DISCLOSURE OF INVENTION

Accordingly, a primary object of this invention is a variable pitch propeller in which the structural characteristics and aerodynamic characteristics are more independent of each other than in prior art propellers.

A further primary object of this invention is a variable pitch propeller achieving higher efficiency than the prior art by allowing an airfoil shape all the way to the propeller root.

A further primary object of this invention is a variable-pitch propeller that is much lighter in weight than the prior art for a given horsepower rating.

A further primary object of this invention is a variable-pitch propeller adaptable to both tractor and pusher configurations.

A further primary object of this invention is a variable-pitch propeller without centrifugal force carrying bearings.

A further primary object of this invention is a variable-pitch propeller having high in-plane stiffness and low out-of-plane stiffness.

A further object of this invention is a variable-pitch propeller having streamlined intersection with the spinner.

In accordance with these objects, the propeller assembly of this invention has a hub adapted to be connected to a drive shaft for rotation therewith. A propeller blade is located on each side of the hub, each of the blades having a tip. A propeller spar is mounted to the hub and extends continuously from one of the tips to the other of the tips. The spar has two spar caps separated from each other at the hub. Each of the blades is mounted to and encloses the spar caps. Each blade has an inner portion which is hollow and twists the spar for pitch changes.

BRIEF DESCRIPTION OF THE DRAWINGS

FIG. 1 is a top view through one half of a pusher propeller, with a portion of the spinner cut away and a portion of the propeller blade cut away.

FIG. 2a is a rear view section of the pusher propeller of FIG. 1 taken along the lines 2a--2a of FIG. 1.

FIG. 2b is an enlarged view of the propeller root portion as shown in FIG. 2a.

FIG. 3 is a sectional view of the pusher propeller of FIG. 1 taken along the lines 3--3 of FIG. 1.

FIG. 4 is an enlarged sectional view of the propeller root shown in FIG. 1.

FIG. 5 is a cross section at pusher propeller station 11.25, taken along the line 5--5 of FIG. 1.

FIG. 6 is a cross section at pusher propeller station 15.75, taken along the line 6--6 of FIG. 1.

FIG. 7 is a cross section at pusher propeller station 24.75, taken along the line 7--7 of FIG. 1.

FIG. 8 is a cross section at pusher propeller station 29.25, taken along the line 8--8 of FIG. 1.

FIG. 9 is a cross section at pusher propeller station 33.75, taken along the line 9--9 of FIG. 1.

FIG. 10 is a cross section at pusher propeller station 38.25, taken along the line 10--10 of FIG. 1.

FIG. 11 is a cross section at pusher propeller station 44, taken along the line 11--11 of FIG. 1.

FIG. 12 is a plan view of an alternate embodiment of a propeller constructed in accordance with this invention.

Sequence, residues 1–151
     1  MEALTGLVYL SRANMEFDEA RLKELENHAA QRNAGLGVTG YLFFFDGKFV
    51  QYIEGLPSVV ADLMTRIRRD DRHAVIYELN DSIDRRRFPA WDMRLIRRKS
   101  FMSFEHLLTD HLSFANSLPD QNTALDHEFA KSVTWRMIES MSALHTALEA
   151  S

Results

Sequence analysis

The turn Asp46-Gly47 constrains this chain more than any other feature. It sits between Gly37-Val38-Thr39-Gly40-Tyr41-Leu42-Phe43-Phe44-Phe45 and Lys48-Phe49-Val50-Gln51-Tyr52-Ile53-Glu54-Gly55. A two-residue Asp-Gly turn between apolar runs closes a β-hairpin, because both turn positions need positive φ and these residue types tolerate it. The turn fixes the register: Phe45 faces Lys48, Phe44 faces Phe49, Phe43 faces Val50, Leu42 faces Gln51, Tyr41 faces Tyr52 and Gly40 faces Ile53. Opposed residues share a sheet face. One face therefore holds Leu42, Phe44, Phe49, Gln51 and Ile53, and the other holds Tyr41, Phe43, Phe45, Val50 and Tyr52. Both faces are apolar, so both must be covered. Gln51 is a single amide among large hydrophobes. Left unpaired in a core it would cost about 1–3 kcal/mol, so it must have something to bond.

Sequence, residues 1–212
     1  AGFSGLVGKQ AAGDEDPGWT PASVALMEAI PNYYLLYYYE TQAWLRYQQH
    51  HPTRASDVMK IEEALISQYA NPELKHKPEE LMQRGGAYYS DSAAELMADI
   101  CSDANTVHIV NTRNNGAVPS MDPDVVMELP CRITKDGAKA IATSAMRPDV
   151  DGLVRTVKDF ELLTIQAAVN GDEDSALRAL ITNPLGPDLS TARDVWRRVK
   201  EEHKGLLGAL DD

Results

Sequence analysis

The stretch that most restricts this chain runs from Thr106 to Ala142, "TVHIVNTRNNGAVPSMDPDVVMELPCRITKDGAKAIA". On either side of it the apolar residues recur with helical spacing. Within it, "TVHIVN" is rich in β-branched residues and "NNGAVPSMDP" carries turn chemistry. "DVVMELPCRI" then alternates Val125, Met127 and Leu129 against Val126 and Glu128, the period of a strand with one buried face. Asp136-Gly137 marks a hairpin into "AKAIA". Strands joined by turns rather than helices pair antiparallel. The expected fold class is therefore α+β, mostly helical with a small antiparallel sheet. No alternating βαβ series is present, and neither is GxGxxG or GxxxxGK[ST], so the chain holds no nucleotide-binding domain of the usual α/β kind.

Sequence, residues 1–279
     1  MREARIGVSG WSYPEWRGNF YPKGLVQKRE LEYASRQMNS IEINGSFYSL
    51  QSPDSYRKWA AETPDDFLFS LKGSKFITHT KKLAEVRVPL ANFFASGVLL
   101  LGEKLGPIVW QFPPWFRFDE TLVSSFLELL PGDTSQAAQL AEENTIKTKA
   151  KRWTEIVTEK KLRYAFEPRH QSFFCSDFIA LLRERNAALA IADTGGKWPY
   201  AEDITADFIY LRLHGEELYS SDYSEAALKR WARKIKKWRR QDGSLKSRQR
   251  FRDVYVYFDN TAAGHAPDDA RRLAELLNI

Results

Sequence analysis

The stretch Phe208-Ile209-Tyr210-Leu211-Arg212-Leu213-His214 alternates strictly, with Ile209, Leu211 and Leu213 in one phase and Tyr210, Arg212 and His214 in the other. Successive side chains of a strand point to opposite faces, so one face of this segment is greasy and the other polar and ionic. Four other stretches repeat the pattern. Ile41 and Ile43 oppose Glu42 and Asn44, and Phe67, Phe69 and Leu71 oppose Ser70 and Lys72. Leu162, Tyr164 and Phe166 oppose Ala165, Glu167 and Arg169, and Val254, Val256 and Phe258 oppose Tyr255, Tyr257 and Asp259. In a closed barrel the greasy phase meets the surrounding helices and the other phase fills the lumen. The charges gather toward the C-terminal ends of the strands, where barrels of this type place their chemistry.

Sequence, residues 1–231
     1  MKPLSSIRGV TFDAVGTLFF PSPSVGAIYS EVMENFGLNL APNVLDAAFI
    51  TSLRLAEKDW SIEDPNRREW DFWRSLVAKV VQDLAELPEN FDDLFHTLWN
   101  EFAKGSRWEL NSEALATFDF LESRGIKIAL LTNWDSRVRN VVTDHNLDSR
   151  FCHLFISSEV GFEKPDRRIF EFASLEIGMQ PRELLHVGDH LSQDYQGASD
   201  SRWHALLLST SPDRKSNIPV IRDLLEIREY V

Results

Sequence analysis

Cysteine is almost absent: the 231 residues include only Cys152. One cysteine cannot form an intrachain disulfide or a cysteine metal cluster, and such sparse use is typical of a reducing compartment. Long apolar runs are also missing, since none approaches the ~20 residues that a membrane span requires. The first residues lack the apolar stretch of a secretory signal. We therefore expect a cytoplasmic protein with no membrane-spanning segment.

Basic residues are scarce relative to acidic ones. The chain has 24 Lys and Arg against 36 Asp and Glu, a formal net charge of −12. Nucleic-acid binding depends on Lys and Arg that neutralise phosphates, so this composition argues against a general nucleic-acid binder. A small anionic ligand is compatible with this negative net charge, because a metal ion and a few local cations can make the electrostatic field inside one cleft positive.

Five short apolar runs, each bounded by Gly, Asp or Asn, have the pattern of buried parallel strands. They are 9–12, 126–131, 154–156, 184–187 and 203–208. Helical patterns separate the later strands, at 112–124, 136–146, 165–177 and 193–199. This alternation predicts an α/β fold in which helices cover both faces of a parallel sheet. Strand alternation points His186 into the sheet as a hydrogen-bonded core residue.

FIG. 13 is a rear view of the spars and cross section of the blades for another alternate embodiment of a propeller constructed in accordance with this invention.

BEST MODE FOR CARRYING OUT THE INVENTION

FIG. 1 is a top view of a spinner 1 and half of a pusher-type aircraft propeller 3, in which portions of the spinner and the propeller top skin are cut away to expose the interior. Shown is a blade 5, a cuff 7, a spar 9, a rib 11, a shear web 13, a drive shaft 15 having a drive shaft flange 17, propeller bolts 19, a pitch horn 21, bonding mix 23, a weight arm 25, a weight 27, a pitch control rod 29, and a vent hole 31. Spar 9 is bolted to drive shaft flange 17 by propeller bolts 19. Drive shaft 15 will be aligned along a longitudinal axis of the aircraft.

FIG. 2a shows a spanwise section through half of propeller 1 taken along the lines 2a--2a. Spar 9 has two spar caps 33 and extends as one piece from station 42.75 (near section line 11--11) on the propeller half shown to station 42.75 on the propeller half not shown. As used herein, reference to particular stations is that position on the propeller 3 measured in inches from the axis of rotation of the propeller. Reference to specific dimensions or measurements is used for ease of description only.

Spar 9 includes a root block 35, root block extensions 37, spar caps 33 and circumferential windings 39,41. Root block 35 is a rectangle about one inch thick made of many layers of high modulus composite in an epoxy resin, having a large hole in the center, the corners having bolt holes reinforced by metallic inserts. Root block 35 is bonded between and separates spar caps 33. Root block extensions 37 are of the same thickness and construction and are bonded on outer edges of spar caps 33. Together, root block 35 and root block extensions 37 provide eight holes for bolting propeller 3 to the drive shaft flange 17, and thus may be considered a hub. The hole in the center of the root block 35 is to allow penetration of the pitch control pushrod 29 (FIG. 1), which is concentric with the driveshaft 15. Spar caps 33 pass continuously from one blade tip, between root block 35 and root block extensions 37, to the other blade tip, with the two spar caps 33 becoming a solid rectangular spar at station 28.5 (section line 8--8), then the rectangle progressively changing shape to fit inside the blade tip, as will be described further on. The distance between spar caps 33 at the root is selected to provide sufficient in-plane stiffness so that the first in-plane natural frequency of the propeller/spar combination is greater than the highest rotation rate at which the propeller will be turned. Spar 9 has a ratio of in-plane stiffness to out-of-plane stiffness exceeding 20.